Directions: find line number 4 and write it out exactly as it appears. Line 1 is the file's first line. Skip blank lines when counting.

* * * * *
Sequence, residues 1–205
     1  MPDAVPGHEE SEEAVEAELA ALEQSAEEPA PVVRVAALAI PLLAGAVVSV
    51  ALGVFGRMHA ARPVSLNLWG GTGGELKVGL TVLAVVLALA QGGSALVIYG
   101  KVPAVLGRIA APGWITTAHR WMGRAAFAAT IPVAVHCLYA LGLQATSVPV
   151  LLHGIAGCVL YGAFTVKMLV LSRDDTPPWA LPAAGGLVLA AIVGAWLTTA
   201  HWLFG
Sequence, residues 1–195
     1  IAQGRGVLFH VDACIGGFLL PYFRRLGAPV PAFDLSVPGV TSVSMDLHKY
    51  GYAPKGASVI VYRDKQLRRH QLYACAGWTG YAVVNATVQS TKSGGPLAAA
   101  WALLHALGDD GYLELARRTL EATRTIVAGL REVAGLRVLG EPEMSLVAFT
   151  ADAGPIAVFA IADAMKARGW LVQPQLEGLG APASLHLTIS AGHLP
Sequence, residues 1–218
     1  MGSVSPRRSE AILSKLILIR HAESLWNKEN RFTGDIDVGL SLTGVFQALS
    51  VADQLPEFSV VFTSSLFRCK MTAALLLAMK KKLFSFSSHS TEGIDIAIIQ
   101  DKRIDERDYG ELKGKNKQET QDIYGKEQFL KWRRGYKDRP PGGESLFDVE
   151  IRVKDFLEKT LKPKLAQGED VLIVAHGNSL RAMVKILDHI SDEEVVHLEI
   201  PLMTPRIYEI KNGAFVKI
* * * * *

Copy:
   101  KVPAVLGRIA APGWITTAHR WMGRAAFAAT IPVAVHCLYA LGLQATSVPV